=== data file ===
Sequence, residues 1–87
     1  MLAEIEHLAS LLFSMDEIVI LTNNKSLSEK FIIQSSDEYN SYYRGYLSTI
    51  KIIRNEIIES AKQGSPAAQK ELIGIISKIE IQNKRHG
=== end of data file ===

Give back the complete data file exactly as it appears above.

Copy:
Sequence, residues 1–87
     1  MLAEIEHLAS LLFSMDEIVI LTNNKSLSEK FIIQSSDEYN SYYRGYLSTI
    51  KIIRNEIIES AKQGSPAAQK ELIGIISKIE IQNKRHG